An Echo from the void

I bought an Amazon Echo back in January, unusually late for someone who is usually an early adopter of the latest gadgets. I had visions of all the endlessly useful conversations I would have with Alexa. I would always know the traffic on my route to work, train times would be available at a shout’s notice, and any song I could think of in history would be playing moments after barking the appropriate command across the room. I was ready for the Amazon Echo lifestyle.

To my surprise, and much like the Kindle, Amazon’s previous foray into selling hardware, my usage of the Echo in the months since I bought it has dwindled to be at the point where I’m seriously considering whether or not I should simply sell it. It’s very disappointing.

I should state now that I have no ‘smart home’ appliances – while it’s a pretty cool demo I’ve seen at friends’ houses, I’m quite OK with setting my thermostat on a timer or pressing a light switch when I need some light. I’m even OK with opening curtains manually, and don’t get enough visitors to warrant a smart doorbell. So perhaps I’m the wrong audience.

I also don’t have an Amazon Prime account, and although I’ve considered it, Amazon’s pushy sales technique of trying to trick me into signing up has made me actively avoid it. They’ve tried trick me, and I’m not going to give in! I’ve also seen what’s on their video service and wasn’t at all impressed. Again, maybe the Echo simply isn’t aimed at people like me?

Music could be good though, right? For roughly £3 a month the Echo can set itself up with Amazon Music Unlimited. That seemed fair enough. A small amount on top of what I pay already for Apple Music that’s worth it for the convenience of being able to shout the name of any song, artist or album and have it play immediately. (As long as it’s easily pronounceable.) Indeed it was good, great even as I was able to connect my Sonos speakers and therefore command Alexa to play songs would would in turn start playing on my Sonos Play: 1 stereo setup. The sound was brilliant. Until that is, Amazon (or maybe it was Sonos) released an update which stopped Sonos from working with the £3 Music Unlimited subscription. It now wants me to upgrade to something that’s substantially more in order to enjoy Sonos integration. So I cancelled the music subscription. It felt dishonest of Amazon to allow this to work, and then take it away. I still have Apple Music on my Sonos, but that doesn’t work with the Echo. I could switch to Spotify, which works on both, but that doesn’t work on my Apple Watch, which I do enjoy using when running. Vendor lock-in is brilliant, isn’t it?

As it happens though, using an Echo for music for a month or so while I had the subscription taught me something significant: I actually quite like browsing music visually. If I have to recall a song or album from memory then I tend to only play the big hits or albums that for some reason stuck in my mind as being great. That means lots of U2’s Achtung Baby but far fewer obscure album tracks from Manic Street Preachers’ Know Your Enemy get played.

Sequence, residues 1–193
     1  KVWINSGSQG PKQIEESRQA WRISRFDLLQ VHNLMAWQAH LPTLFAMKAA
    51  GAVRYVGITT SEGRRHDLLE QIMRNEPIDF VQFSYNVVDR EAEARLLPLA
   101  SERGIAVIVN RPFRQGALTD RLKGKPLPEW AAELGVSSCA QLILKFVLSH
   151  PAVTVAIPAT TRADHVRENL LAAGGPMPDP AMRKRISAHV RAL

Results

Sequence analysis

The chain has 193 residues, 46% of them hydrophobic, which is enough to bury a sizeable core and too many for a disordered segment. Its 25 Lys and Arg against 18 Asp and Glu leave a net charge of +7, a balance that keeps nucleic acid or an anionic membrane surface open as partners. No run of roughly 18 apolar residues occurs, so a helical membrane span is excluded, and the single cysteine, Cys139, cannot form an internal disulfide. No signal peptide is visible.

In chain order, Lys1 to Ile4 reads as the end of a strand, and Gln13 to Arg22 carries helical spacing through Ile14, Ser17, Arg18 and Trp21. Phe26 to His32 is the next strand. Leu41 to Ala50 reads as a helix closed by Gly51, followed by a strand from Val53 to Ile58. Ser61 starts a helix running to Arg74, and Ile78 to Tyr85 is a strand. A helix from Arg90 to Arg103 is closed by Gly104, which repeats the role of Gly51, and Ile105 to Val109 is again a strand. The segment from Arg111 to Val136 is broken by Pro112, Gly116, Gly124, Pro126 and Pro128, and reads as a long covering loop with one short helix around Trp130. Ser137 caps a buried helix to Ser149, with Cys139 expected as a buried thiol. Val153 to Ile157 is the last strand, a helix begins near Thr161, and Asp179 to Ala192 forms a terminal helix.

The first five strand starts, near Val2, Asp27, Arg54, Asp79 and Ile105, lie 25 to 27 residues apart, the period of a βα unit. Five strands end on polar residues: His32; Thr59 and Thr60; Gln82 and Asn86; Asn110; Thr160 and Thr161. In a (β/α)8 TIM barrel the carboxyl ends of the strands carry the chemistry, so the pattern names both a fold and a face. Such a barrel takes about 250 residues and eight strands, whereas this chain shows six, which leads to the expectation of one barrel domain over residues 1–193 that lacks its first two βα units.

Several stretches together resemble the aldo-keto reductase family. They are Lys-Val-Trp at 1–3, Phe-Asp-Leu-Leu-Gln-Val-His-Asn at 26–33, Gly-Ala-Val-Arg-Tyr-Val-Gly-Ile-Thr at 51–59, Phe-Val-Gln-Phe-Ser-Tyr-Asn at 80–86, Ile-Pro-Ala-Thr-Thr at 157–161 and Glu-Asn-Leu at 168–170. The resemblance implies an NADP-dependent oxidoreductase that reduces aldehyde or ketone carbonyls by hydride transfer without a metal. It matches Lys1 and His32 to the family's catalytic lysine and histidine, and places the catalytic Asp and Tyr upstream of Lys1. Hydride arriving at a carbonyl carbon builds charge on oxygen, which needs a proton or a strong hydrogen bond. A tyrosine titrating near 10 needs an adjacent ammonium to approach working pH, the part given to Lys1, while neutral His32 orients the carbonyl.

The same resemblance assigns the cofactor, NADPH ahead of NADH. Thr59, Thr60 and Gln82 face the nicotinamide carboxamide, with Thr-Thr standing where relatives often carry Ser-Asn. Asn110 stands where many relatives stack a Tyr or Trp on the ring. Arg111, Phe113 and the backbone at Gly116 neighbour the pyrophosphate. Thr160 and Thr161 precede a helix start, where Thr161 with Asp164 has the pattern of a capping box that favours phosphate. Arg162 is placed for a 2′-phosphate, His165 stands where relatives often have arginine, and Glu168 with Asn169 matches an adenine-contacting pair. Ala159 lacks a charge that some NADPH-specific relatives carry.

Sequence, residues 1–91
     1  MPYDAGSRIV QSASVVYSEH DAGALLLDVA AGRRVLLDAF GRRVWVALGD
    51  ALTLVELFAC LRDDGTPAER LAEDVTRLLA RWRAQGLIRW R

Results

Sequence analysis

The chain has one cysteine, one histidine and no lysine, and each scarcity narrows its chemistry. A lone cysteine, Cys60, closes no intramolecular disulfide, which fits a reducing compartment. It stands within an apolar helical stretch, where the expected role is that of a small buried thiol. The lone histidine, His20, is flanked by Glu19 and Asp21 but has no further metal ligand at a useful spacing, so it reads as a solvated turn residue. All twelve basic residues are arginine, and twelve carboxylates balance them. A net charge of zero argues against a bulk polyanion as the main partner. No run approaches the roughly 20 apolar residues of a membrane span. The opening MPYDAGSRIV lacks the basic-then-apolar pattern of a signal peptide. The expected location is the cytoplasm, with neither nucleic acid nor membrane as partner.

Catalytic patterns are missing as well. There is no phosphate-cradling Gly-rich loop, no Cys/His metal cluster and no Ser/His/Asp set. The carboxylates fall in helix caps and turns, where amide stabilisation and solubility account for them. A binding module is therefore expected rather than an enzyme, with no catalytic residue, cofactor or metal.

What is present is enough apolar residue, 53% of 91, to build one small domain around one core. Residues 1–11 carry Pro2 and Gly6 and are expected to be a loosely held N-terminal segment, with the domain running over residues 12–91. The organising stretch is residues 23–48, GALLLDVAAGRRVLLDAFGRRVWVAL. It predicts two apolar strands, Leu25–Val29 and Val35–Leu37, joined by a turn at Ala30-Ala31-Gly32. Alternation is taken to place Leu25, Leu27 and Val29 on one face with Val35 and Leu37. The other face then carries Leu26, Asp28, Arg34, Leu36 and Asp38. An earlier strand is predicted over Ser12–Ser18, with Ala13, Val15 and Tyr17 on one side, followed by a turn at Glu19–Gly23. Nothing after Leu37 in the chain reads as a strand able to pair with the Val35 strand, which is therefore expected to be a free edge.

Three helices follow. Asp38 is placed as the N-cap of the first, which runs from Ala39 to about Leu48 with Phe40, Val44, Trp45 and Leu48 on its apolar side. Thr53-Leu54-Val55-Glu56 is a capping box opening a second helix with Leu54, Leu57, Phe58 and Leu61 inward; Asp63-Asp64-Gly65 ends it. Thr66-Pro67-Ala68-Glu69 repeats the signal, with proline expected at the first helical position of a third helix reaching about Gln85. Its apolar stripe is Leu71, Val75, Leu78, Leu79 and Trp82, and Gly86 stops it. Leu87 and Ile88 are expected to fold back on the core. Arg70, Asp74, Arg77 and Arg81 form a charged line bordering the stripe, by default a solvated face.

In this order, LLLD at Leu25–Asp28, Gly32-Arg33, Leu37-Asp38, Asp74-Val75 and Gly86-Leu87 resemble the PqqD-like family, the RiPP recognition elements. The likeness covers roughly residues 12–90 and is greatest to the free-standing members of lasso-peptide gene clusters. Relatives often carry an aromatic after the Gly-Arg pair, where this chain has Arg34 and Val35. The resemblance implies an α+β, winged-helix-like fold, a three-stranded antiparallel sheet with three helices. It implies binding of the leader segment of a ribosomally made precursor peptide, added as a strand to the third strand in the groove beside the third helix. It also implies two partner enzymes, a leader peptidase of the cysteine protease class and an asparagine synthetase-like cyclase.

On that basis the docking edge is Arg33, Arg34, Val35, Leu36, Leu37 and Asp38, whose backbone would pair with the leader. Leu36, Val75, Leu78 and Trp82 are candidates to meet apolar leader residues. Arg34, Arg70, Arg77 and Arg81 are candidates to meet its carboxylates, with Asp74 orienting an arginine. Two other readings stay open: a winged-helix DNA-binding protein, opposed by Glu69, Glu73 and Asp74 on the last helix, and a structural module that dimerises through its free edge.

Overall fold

It’s quicker to look at my phone to see the weather. Timers are annoying on the echo because you have to keep asking how much time is left – there’s no visual indication. The National Rail skill for Alexa is a joke. It asks me every time if I mean ‘Reading station in Reading’. It’s actually quicker to use my phone than try and have a conversation with this awful app. Most other skills seem more of a novelty than an innovation.

I thought being able to wake up and say ‘Alexa good morning’ and have the Echo read out the traffic, weather and BBC News might be good, but I’ve ended up setting the Echo to start playing BBC Radio 4 every morning. I get the news and weather, without having to articulate anything first thing in the morning, the traffic was mostly useless anyway as it would have changed in the 15 minutes I take to eat breakfast and shower. Yes, I paid £90 for a clock radio.

Don’t get me wrong, the Echo does have some good uses. I’ve moved it into the kitchen and now use it as a Bluetooth speaker for podcasts. It’s good for quick maths questions, adding appointments to calendars, querying random facts. On the whole however, I feel it’s basically a gimmick rather than the next evolution of personal computing. Maybe that’s OK?

With my Sonos, iPhone, laptop and Apple Watch I feel as though if any of these broke I would want to replace them. With the Echo, I don’t think I’d miss it at all. Just as my Kindle sits on the shelf (I call it a ‘black hole for books’ because I usually forget about the books that are on it, unlike physical books which I almost always finish because they are sat there on my bedside table), I wonder if the Amazon Echo will be a passing craze and that the product category will need to evolve in some significant way before it can really become a mainstream device like smartphones or televisions.

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